On lamb and pork offal, the prevalence of Campylobacter spp. was 20 to 29% higher on fresh samples than frozen samples, in agreement with other studies (53, 54). Harrison et al. (21) reported that storing chicken livers at −25°C can significantly reduce, but not eliminate, Campylobacter. They showed that multiple freeze-thaw cycles, compared with freezing liver and thawing overnight in a refrigerator, resulted in greater reduction of Campylobacter spp. (up to 3 log).

In Australia, national (AS 5013.6:2015) and international (ISO 10272-1:2017) standard test methods are used for detection and enumeration of Campylobacter spp. from meat and poultry. Although these are widely accepted laboratory methods for the detection of Campylobacter spp. from food, particularly poultry products, variations occur within these standard protocols. A limitation of our study was that samples collected in NSW, Qld, and Vic were processed independently by their respective National Association of Testing Authorities accredited laboratories. Each laboratory followed preestablished individual procedures for their jurisdiction based on ISO 10272-1:2017 (26) or AS 5013.6:2015 (51) in conjunction with AS 5013.20:2004 (50) for the enrichment, isolation, and speciation of Campylobacter. This led to some differences in procedure by state. For example, NSW used Bolton broth, whereas Qld and Vic laboratories used Preston broth to recover Campylobacter spp. The lower recovery rates of Campylobacter spp. from chicken meat in NSW (84.3%), compared with Qld (89.2%) and Vic (96.0%), may be due partially to the enrichment broth used to recover Campylobacter spp. For example, in addition to Campylobacter, other bacteria such as Escherichia coli and Pseudomonas spp. are frequently recovered from meat samples enriched with Bolton broth (4). These bacteria may outcompete the microorganism of interest and result in an underestimation of the prevalence of Campylobacter on the product. Methodological differences, such as the type and volume of the rinse medium and enrichment broth as well as the selective agar used to isolate Campylobacter spp., may affect the results, particularly the recovery rate and species distribution. As a result, direct comparisons with other surveys that have investigated the prevalence of Campylobacter on retail meat should be made with caution.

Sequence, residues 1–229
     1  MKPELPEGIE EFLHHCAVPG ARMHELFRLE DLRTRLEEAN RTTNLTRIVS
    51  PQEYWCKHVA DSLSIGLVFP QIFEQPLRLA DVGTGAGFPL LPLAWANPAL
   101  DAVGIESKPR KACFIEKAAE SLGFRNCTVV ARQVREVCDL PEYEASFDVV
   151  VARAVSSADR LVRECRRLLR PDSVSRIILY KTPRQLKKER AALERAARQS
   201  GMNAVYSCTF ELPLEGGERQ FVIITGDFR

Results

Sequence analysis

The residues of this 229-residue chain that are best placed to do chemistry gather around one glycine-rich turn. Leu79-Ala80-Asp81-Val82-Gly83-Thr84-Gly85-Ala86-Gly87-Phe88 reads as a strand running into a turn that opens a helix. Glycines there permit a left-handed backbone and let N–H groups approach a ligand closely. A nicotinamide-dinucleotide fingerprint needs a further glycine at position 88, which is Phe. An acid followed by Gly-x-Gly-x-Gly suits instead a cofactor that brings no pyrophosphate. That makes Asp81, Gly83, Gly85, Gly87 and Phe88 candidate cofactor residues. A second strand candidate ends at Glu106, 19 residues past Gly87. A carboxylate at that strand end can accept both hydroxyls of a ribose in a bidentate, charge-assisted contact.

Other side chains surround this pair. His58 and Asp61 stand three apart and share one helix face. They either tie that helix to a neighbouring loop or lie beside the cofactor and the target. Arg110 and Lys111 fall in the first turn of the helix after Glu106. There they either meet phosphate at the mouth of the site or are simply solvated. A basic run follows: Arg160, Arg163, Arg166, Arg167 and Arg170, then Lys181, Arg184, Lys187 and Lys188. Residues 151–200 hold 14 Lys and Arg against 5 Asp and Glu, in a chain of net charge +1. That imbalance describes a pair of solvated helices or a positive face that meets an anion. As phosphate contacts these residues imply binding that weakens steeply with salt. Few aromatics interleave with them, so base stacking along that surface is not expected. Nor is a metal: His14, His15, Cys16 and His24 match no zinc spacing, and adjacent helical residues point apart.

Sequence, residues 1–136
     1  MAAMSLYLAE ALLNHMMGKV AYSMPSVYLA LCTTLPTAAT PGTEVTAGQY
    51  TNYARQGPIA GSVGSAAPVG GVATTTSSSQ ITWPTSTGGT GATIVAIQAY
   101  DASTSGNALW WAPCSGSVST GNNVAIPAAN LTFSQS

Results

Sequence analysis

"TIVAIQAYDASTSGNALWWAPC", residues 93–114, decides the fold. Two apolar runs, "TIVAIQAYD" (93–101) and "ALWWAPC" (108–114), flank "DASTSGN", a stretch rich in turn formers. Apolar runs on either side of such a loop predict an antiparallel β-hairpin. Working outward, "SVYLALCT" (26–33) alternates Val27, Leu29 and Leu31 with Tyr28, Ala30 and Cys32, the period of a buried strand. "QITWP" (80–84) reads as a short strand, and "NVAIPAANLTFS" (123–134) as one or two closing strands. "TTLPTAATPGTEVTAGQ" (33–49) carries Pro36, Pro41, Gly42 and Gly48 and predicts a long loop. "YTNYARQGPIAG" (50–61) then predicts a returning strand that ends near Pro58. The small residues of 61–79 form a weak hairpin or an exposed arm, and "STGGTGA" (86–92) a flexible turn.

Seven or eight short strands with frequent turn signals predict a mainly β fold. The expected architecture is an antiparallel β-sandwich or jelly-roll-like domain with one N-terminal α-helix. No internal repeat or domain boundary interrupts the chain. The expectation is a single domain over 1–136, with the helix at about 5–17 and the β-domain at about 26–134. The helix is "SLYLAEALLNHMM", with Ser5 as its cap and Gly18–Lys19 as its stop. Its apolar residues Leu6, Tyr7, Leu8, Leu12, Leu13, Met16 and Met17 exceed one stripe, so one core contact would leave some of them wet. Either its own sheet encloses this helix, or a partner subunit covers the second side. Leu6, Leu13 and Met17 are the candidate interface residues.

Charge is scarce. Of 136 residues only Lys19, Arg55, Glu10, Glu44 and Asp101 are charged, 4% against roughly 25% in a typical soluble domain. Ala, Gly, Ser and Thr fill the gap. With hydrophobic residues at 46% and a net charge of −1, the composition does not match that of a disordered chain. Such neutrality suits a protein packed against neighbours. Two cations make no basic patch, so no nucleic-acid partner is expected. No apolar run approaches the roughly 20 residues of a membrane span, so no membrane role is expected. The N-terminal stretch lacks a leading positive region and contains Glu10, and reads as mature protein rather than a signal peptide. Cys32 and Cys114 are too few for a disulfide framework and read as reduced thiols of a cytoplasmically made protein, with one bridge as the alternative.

Poultry and livestock naturally harbor Campylobacter in their intestinal tracts. We found a high prevalence of Campylobacter spp. in chicken products and a relatively lower prevalence in lamb, pork, and beef offal. When we quantified the level of Campylobacter contamination on chicken meat, generally low numbers of the bacteria were recovered. However, a small proportion of chicken product, particularly whole bird (10%), thigh (5%), and breast (3%), had levels of Campylobacter that exceeded the current Food Standards Australia New Zealand microbiological target (<10,000 CFU per carcass) for raw chicken meat before distribution. Reducing bacterial load below this target will limit the risk of campylobacteriosis to consumers. However, consumers should continue to practice good food safety, including adequately cooking meat products and avoiding cross-contamination of raw meat with fresh ready-to-eat foods.